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Inequality of income and wealth is the most important topic discussed on this site, because the greatly increased inequality stemming from the economics of the “Reagan Revolution” is destroying the American economy and American society. Its importance cannot be overstated.
Wealth accumulates at the top:
As we go through this, keep in mind the relationship between income and wealth. The higher one’s income, the greater the opportunity one has to save a portion of the income and increase one’s wealth (net worth). People with higher incomes tend to accumulate higher amounts of savings (wealth), and those with the highest incomes save the highest percentage of their income. Accumulated wealth then adds additional earnings (capital gains). Thus, wealth naturally tends to accumulate at the top.
A progressive tax system is essential to maintain a stable distribution of wealth and income over time. In such a system, those who are making far higher incomes than others have a greater burden to fund government costs, and collective security.
The stable, healthy income and wealth inequality before 1980:
This was the situation in the United States in the 35-year period from 1945 to 1980. There was a healthy amount of income inequality: The top 10% of the population was earning about 33% of total income, and the top 1% took home 10%. These percentages remained stable over the entire 35-year period.
That was possible because the marginal income tax, that is the percentage of tax paid on all additions to income above the top tax bracket, was at least 70%. (For a long time, the 1950s through 1964, the rate was at 90%, a period in which the country was reducing the national debt as a percentage of GDP.)
Beginning with the Reagan presidency, the top rate was slashed, and it is now at 35%. This allowed the percentages of incomes wealth at the top to revive. By 2007, inequality increased to where it was in 1928, just before the start of the Great Depression: The top 10% had 50% of income and the top 1% had 23.5%.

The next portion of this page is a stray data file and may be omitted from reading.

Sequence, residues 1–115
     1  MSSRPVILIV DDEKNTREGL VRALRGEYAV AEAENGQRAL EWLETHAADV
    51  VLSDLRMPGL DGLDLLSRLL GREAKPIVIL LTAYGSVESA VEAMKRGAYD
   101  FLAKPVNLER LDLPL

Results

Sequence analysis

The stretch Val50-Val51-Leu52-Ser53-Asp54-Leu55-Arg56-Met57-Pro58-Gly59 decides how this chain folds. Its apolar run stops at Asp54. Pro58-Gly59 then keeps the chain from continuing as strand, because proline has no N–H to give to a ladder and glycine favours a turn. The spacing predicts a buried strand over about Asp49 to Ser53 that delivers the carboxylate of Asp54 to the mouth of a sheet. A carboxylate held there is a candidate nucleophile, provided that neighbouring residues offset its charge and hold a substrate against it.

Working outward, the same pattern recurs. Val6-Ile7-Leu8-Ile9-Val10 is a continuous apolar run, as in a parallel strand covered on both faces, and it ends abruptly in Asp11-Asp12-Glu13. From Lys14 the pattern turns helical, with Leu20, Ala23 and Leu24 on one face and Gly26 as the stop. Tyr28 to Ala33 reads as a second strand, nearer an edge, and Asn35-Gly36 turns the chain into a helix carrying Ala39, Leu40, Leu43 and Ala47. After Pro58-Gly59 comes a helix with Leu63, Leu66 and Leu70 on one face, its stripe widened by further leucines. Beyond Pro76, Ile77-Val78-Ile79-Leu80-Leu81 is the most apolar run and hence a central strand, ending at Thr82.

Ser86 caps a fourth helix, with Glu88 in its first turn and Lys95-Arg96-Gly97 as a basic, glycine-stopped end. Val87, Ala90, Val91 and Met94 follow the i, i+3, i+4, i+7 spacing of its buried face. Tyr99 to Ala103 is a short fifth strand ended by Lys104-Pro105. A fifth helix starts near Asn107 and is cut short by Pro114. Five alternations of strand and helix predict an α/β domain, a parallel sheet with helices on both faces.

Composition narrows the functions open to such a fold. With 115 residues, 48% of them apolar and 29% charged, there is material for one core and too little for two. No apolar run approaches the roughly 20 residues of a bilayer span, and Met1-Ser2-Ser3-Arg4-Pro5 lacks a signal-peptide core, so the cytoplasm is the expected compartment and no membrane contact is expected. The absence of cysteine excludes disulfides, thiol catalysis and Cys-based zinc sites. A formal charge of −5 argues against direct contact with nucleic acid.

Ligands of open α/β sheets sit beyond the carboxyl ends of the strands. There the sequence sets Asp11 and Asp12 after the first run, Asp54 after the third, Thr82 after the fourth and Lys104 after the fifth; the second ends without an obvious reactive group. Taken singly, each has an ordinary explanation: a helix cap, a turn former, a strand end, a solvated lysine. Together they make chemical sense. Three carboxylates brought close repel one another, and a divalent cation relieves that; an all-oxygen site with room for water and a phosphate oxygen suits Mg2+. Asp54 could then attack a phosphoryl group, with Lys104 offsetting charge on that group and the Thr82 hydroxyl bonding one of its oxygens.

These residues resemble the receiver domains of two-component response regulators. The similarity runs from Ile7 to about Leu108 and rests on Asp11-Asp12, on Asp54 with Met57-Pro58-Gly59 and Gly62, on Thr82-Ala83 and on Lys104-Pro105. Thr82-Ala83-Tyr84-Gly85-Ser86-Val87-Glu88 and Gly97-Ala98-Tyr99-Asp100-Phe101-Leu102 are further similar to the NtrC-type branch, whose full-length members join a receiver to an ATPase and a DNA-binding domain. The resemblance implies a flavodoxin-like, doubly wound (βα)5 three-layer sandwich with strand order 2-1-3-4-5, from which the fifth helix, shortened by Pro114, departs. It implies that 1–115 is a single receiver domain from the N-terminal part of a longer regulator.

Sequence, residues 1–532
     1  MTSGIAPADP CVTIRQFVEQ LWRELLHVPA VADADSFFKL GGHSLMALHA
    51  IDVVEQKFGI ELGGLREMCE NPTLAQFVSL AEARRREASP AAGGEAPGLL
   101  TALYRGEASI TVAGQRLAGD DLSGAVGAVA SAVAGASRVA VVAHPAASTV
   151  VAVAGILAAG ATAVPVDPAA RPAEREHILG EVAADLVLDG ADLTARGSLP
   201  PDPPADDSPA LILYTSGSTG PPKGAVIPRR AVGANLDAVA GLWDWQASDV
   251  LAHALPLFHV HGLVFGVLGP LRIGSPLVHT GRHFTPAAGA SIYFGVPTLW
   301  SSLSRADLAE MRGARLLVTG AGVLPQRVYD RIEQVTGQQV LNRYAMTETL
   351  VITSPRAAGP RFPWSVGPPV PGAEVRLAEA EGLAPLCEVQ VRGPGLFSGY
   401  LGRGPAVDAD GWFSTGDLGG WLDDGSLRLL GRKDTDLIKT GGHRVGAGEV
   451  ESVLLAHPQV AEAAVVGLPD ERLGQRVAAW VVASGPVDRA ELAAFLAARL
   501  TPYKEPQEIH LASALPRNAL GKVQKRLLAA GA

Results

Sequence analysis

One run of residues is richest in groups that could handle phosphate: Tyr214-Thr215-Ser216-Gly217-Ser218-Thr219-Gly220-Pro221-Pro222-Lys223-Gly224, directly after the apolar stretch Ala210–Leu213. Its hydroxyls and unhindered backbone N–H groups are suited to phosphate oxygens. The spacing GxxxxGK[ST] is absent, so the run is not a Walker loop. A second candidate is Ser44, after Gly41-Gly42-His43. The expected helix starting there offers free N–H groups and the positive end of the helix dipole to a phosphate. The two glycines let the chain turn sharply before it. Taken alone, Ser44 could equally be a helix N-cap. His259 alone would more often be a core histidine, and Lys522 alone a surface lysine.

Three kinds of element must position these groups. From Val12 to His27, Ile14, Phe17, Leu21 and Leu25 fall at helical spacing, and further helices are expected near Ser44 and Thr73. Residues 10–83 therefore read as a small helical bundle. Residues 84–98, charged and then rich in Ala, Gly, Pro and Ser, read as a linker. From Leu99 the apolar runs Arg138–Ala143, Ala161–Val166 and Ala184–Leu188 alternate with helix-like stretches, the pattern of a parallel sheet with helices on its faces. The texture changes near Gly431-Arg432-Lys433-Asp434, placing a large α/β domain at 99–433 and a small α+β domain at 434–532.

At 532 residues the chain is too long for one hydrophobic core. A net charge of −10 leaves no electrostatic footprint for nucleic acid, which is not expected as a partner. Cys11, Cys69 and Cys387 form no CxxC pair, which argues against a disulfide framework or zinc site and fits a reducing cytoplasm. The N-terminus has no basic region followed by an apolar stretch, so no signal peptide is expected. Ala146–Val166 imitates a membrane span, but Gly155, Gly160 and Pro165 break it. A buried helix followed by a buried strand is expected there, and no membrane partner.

This graph shows how incredibly inequitable the income distributions have become, and how they changed during the GW Bush administration. The incomes of the bottom 90% declined by 4% from 2000 to 2006. Even within the top 10%, except for the top 1%, there was only slight growth (2% or less).
The average 2006 income of the bottom 90% of Americans of $30,173 in 2006 is not very far above the poverty level ($22,350 for a family of four). The top .01% of households had average ordinary incomes 575x the average for the entire bottom 90%, and their average income rose 22.2% during the Bush administration.
The official Consumer Price Index (CPI), which many feel vastly understates the actual inflation experienced by ordinary Americans during the Bush years, went up 17% between 2000 and 2006. Thus, it appears, the rate of growth even of most incomes within the top 1% did not keep up with inflation, even as conservatively measured by the CPI.
It is important to reiterate that the wealthiest people at the top are paying taxes almost entirely on capital gains, at the same 15% rate most of the bottom 90% pays on ordinary income up to $34,000. And for them, the vast majority of their incomes consist of capital gains: